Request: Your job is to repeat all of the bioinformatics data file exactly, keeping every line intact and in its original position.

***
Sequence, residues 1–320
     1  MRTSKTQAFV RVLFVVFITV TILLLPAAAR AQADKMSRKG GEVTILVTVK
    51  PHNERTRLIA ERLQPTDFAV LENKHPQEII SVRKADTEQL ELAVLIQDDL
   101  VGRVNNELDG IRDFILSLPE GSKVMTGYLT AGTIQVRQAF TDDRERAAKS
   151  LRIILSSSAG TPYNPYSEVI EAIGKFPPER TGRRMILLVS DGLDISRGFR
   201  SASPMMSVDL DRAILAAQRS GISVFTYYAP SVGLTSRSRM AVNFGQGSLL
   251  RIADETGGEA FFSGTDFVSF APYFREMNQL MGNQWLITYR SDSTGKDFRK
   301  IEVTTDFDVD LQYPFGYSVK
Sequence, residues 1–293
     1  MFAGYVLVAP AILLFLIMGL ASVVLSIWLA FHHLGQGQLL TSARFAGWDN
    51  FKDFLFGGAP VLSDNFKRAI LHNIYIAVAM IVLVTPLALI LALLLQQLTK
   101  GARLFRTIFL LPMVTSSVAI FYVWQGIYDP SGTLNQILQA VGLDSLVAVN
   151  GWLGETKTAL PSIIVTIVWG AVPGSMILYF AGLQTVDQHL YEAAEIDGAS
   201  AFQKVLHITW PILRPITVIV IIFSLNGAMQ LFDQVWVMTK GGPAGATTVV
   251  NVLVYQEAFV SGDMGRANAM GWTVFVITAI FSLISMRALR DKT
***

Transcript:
Sequence, residues 1–320
     1  MRTSKTQAFV RVLFVVFITV TILLLPAAAR AQADKMSRKG GEVTILVTVK
    51  PHNERTRLIA ERLQPTDFAV LENKHPQEII SVRKADTEQL ELAVLIQDDL
   101  VGRVNNELDG IRDFILSLPE GSKVMTGYLT AGTIQVRQAF TDDRERAAKS
   151  LRIILSSSAG TPYNPYSEVI EAIGKFPPER TGRRMILLVS DGLDISRGFR
   201  SASPMMSVDL DRAILAAQRS GISVFTYYAP SVGLTSRSRM AVNFGQGSLL
   251  RIADETGGEA FFSGTDFVSF APYFREMNQL MGNQWLITYR SDSTGKDFRK
   301  IEVTTDFDVD LQYPFGYSVK
Sequence, residues 1–293
     1  MFAGYVLVAP AILLFLIMGL ASVVLSIWLA FHHLGQGQLL TSARFAGWDN
    51  FKDFLFGGAP VLSDNFKRAI LHNIYIAVAM IVLVTPLALI LALLLQQLTK
   101  GARLFRTIFL LPMVTSSVAI FYVWQGIYDP SGTLNQILQA VGLDSLVAVN
   151  GWLGETKTAL PSIIVTIVWG AVPGSMILYF AGLQTVDQHL YEAAEIDGAS
   201  AFQKVLHITW PILRPITVIV IIFSLNGAMQ LFDQVWVMTK GGPAGATTVV
   251  NVLVYQEAFV SGDMGRANAM GWTVFVITAI FSLISMRALR DKT